Rogue Nation and U.N.C.L.E. (I will not be typing all those full stops again) may both be reboots of cult 60s spy tv series with dubious punctuation, but the differences between the two movies outnumber the similarities by some distance.
For a start, Rogue Nation is set in the here and now, with all the shiny modern gadgets and shadowy global conspiracies you can imagine; while UNCLE is a period piece, all 60s clunky cars and old-fashioned Cold War politics. More fundamentally however, Rogue Nation is great – fast, exciting and funny – and UNCLE is not.
Say what you will about Tom Cruise (everybody on the Internet does) but he knows how to knock out a big, bold, properly thrilling, top-quality action film and he and director Christopher McQuarrie have done exactly that with Rogue Nation, as well as continuing Tom’s mini-run of action movies with genuinely kick-ass female leads (see also Edge of Tomorrow). Rebecca Ferguson’s Ilsa in Rogue Nation is stronger, sharper, faster than the boys, but, more than that, she’s not a love interest or a sex object, she’s a fully-realised person; a proper professional with values and doubts and skills and a real personality, who just happens to be a woman. And who is completely fantastic. Word is Marvel might have their sights set on Ferguson for Captain Marvel, and so they should. She is superb in this, and, significantly, she has the space and the screen time to be, because, again, say what you will about Tom Cruise, he’s not afraid to stand back and let his co-stars shine.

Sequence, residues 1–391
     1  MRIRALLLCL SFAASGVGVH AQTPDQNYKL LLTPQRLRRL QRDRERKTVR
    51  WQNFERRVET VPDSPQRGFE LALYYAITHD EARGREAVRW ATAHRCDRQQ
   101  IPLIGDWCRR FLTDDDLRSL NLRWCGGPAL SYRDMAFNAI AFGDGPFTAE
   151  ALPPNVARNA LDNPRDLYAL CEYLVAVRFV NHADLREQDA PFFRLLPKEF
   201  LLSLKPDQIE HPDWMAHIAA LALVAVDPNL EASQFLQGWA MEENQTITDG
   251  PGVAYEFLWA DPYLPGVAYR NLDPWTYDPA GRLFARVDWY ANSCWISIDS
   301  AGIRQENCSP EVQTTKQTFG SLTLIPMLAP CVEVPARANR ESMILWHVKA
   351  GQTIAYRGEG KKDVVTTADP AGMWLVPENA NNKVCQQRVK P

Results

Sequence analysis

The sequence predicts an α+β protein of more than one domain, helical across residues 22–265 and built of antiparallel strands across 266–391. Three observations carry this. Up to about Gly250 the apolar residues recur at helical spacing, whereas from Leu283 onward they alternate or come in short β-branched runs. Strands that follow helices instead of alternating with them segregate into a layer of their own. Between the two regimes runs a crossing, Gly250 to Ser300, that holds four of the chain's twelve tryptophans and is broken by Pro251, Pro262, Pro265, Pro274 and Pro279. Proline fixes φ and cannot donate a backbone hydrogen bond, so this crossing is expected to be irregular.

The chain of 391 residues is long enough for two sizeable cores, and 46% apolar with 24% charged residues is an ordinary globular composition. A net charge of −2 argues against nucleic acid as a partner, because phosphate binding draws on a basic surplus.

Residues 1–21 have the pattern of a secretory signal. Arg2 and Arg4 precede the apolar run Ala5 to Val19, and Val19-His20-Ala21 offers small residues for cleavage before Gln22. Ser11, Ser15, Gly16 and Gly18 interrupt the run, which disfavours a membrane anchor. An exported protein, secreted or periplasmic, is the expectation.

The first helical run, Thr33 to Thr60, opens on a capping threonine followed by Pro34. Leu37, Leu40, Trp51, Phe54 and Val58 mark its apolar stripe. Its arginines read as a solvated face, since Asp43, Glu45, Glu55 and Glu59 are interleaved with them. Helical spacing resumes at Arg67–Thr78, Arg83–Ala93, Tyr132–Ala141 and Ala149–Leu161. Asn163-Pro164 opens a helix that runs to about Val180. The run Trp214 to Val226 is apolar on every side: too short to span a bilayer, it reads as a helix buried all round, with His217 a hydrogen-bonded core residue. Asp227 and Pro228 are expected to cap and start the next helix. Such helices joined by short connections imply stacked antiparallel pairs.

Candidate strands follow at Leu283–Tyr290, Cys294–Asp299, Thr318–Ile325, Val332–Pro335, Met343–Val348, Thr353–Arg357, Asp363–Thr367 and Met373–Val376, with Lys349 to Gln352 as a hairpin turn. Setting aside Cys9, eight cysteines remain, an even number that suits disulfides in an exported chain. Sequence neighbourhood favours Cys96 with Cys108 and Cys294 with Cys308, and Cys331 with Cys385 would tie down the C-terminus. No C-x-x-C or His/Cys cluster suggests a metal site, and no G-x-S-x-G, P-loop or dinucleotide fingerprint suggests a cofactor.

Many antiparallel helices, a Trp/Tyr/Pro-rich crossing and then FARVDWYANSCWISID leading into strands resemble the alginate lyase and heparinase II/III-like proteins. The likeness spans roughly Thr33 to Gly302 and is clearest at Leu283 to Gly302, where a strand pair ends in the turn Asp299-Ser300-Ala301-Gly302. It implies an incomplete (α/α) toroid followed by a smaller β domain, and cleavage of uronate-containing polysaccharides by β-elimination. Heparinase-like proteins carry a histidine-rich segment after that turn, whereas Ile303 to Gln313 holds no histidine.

Tom’s Ethan Hunt is almost super-human, obviously, but in an entirely likeabl way, his chemistry with Ilsa is lovely and the action is so fast and fun, and the stunts so completely bonkers that there’s never time to get bored.
Would that I could say any of that about UNCLE.
On the positive front, Henry Cavill is surprisingly charming and amusing as Napoleon Solo – without him the film would be intolerable – and Hugh Grant is good value in the 10 minutes or so of screen time he has. There are some nicely-staged, retro action sequences (if nothing that comes close to Rogue Nation) and everything looks beautiful, too. But Armie Hammer is woefully miscast as Ilya Kuriakin, he and underwritten “asset” Gaby (played by Alicia Vikander, a terrific actress who could have been a lot better utilised) have no chemistry at all and, rather than it being exciting or funny, the film is too long and often a bit boring. It’s not awful, it’s just arch and dull and ever so slightly annoying. Shame.